The Human Costs of Layoffs
The layoff of workers from their jobs has been a common practice since the early days of industry in the United States. It is one of the strategies used by employers who want to cut expenses when their company’s revenues are threatened. In some industries such as construction, layoffs may be seasonal. For example, workers in cold climates expect to be laid off when winter arrives and called back in the spring. Some companies use layoffs as a means of eliminating undesirable employees. In these cases, there is no intention of calling back the employee. In manufacturing, layoffs are typically the result of financial considerations. In almost all cases within the auto industry, layoffs are often exercised arbitrarily, with little notice to employees or their union. The duration of the layoff is often unknown, and employees are not given a date when they can return to their jobs.
When labor is perceived as a variable expense, it is one of the first cuts made when there is a perceived need to cut expenses. In general, companies have shown little concern for how the laid-off employees will be able to sustain their normal lives without a regular source of income. Government-controlled unemployment insurance may be helpful in the short run, but these benefits are not designed to replace earned income and tend to be short term.
In looking at the history of layoffs at the GM Tonawanda Engine Plant, there were many occasions when layoffs were exercised, but there was one that merits further scrutiny. This is due to its length and its devastating effects on the laid-off workers. It occurred during a five-year span in the late 1970s and early 1980, and was caused by a severe downturn in the national economy, which had a major impact on car sales. Twenty-five-hundred workers were laid off. GM employees on layoff had a difficult time finding work in a bad economy. This difficulty was compounded by the belief by many employers that GM workers will usually go back to their GM jobs when the economy improves enough for a recall.
That layoff came to an end when the plant was awarded a contract to build two new engines for new car models that were coming to the market. The plant recalled 30 workers at a time as the need for the new engines demanded. On the day they returned, workers were invited by the plant manager to a breakfast meeting and a discussion of the plans for the future of the plant. Management also wanted them to have a chance to get reacquainted with their job responsibilities to soften the impact of suddenly being on the job again. As part of their reorientation, management encouraged workers to talk about how they had survived being out of work for 5 years. Their stories were memorable and heartbreaking. Some had found temporary jobs that paid very little but at least kept them busy while waiting to return to the plant. Others told of major impacts on their families. They could not afford to keep their homes and cars in some cases. They could not promise their children that they could look forward to college after high school. Then there were the families that broke up because of the financial stress, and that brought tears to their eyes when they spoke of it. As is often the case under the severe stress that usually accompanies job loss, it is not unusual that the employee would fall into a serious case of depression.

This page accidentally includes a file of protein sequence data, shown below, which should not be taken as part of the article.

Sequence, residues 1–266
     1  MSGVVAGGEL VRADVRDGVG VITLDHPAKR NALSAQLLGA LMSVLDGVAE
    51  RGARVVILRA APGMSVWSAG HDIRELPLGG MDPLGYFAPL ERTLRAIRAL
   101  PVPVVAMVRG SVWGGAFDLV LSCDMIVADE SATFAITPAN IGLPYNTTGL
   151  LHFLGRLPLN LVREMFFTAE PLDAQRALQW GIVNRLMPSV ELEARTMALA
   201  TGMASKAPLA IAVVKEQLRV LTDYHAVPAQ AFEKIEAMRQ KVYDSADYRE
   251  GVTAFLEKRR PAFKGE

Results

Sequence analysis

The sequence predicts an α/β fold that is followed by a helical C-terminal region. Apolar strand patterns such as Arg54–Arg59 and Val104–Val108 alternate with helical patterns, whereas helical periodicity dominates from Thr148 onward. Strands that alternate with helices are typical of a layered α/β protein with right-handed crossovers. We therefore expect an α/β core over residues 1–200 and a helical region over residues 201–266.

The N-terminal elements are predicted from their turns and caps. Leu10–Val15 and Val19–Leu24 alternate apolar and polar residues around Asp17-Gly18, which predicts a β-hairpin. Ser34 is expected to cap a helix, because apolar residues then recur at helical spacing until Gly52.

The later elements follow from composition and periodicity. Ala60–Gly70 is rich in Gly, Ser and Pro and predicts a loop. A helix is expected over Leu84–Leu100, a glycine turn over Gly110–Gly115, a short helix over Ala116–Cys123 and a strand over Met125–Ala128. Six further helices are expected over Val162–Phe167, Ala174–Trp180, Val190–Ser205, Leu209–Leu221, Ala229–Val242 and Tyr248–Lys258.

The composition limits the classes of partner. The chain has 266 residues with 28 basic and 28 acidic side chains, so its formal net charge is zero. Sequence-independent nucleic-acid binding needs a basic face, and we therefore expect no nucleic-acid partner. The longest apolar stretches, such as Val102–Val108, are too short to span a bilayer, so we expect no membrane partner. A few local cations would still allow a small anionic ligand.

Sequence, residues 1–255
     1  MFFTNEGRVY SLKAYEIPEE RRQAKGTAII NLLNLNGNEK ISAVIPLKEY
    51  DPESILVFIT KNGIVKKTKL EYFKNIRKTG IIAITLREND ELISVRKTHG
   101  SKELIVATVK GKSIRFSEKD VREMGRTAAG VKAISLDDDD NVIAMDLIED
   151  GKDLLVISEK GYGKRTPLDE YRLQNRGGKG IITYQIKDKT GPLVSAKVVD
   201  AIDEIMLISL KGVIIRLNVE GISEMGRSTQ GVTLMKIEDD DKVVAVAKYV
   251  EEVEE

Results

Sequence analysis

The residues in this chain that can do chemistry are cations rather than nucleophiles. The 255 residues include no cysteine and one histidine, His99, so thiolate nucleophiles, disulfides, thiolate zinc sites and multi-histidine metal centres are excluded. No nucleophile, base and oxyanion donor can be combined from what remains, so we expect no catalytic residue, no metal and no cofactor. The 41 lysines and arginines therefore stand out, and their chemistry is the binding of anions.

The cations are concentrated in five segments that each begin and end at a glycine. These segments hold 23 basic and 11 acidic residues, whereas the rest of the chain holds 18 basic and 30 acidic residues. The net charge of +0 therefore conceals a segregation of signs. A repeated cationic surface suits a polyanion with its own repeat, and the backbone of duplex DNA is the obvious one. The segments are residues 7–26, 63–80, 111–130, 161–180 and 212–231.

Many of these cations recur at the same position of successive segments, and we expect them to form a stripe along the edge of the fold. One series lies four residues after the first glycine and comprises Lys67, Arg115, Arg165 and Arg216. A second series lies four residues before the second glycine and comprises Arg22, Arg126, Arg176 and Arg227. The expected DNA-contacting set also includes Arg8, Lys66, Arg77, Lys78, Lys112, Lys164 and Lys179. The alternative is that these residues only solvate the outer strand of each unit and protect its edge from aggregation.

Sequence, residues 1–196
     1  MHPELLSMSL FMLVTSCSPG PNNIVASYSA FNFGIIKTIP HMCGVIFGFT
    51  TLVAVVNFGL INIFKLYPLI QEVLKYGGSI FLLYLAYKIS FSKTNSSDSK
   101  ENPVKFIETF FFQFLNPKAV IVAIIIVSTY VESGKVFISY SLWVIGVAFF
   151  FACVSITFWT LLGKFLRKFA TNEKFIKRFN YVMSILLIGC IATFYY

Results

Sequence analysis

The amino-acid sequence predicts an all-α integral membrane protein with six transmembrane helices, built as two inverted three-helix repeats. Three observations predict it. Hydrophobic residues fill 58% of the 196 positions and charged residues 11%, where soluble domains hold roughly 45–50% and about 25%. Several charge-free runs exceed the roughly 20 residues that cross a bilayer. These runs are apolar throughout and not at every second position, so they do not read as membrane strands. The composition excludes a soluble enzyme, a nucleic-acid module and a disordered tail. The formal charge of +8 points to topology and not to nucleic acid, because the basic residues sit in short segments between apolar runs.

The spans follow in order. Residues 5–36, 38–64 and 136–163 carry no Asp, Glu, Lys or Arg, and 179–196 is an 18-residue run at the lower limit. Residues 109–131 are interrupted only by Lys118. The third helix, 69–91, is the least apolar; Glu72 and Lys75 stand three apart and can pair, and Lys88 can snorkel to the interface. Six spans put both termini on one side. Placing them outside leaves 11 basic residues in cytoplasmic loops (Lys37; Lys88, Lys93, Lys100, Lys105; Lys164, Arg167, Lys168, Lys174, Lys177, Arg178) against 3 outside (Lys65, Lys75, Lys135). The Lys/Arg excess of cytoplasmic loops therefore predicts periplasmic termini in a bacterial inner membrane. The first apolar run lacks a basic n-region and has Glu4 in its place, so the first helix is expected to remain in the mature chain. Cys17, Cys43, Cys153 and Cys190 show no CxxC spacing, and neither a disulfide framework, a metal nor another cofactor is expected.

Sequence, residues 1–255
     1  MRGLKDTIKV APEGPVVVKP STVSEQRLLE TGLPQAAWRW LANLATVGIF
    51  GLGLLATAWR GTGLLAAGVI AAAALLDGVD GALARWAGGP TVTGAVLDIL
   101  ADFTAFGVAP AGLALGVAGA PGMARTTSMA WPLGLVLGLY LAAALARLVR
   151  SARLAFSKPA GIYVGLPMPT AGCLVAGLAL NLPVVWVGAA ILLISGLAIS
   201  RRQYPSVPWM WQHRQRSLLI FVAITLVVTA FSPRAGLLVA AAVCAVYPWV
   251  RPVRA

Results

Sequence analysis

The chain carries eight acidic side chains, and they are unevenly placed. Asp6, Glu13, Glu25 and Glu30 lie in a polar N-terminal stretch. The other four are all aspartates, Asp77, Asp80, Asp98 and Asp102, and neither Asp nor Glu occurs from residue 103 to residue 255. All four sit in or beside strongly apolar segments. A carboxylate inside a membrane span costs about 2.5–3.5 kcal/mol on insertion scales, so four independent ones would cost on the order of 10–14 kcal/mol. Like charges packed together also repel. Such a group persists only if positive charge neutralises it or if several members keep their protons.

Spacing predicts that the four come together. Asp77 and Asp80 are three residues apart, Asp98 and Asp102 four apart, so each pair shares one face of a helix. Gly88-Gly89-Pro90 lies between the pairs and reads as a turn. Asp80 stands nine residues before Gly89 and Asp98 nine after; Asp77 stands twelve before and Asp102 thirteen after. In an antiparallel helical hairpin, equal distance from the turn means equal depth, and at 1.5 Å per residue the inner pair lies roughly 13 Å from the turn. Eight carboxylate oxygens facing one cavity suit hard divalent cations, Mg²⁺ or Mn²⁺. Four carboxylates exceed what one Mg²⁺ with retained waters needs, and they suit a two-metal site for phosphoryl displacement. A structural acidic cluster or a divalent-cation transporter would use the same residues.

At the end of the first of several of these meetings, Don Rust, the plant manager at the time, decided to make a promise to the workers—a promise that he had no idea whether he could keep. He stated to each group of returning workers that, as long as he was their plant manager, they would not be laid off again. In essence, Don was offering them job security. He knew that this set a precedent in GM and its affiliates that he may not be able to back up. He also realized that his bosses at GM would probably fire him if they became aware of what he was promising his returning workers.
There were times in the next 15 years when the plant could have had a layoff, but it had planned for that event if the time came. It did come, but this forward planning provided a variety of different non-production jobs for any worker whose job might be jeopardized. Some were offered jobs that improved product quality. Others were offered jobs that improved safety, housekeeping, machine maintenance, and even opportunities in the community or at GM dealerships. It worked. And, when business improved, workers went back to their production jobs.
Valuable lessons were learned from this experience. It was indelibly etched in Don’s memory for the future. He never wanted to forget that his plant’s workers are vulnerable to personal crises when they are laid off. He saw firsthand that job security was a major concern for these workers, and knowing that management had instituted strategies to minimize layoffs was reciprocated by an energized and committed workforce. Not long after, these same workers set a world record for engines produced in one day at their plant. This record stands today and is a testament to how creating a culture built on faith, trust, and respect for each worker pays dividends for both workers and management. Write your blog here.